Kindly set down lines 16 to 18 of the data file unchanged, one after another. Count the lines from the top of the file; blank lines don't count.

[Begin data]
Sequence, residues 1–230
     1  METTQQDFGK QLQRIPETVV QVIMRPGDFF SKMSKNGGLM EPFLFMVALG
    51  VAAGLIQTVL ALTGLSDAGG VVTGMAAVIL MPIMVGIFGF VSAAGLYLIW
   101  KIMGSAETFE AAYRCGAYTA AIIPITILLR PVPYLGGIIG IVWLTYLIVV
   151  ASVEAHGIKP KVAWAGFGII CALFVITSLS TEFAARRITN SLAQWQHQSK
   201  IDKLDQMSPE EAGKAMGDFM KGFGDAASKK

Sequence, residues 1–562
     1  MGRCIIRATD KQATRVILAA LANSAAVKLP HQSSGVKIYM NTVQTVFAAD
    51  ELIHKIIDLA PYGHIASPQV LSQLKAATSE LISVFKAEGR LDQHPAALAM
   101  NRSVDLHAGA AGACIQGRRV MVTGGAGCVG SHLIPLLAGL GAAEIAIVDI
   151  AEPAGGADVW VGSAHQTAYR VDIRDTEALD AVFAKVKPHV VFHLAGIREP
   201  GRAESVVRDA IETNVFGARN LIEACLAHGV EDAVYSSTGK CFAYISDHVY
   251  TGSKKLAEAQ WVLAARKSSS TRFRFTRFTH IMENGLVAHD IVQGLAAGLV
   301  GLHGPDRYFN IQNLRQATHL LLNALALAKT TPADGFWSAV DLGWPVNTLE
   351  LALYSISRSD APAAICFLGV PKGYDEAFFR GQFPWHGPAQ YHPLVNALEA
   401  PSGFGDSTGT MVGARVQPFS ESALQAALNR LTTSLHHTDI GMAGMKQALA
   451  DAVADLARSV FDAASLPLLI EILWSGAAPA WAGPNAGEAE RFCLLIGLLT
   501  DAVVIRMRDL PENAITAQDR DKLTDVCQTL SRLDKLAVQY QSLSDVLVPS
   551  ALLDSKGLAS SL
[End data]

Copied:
   401  PSGFGDSTGT MVGARVQPFS ESALQAALNR LTTSLHHTDI GMAGMKQALA
   451  DAVADLARSV FDAASLPLLI EILWSGAAPA WAGPNAGEAE RFCLLIGLLT
   501  DAVVIRMRDL PENAITAQDR DKLTDVCQTL SRLDKLAVQY QSLSDVLVPS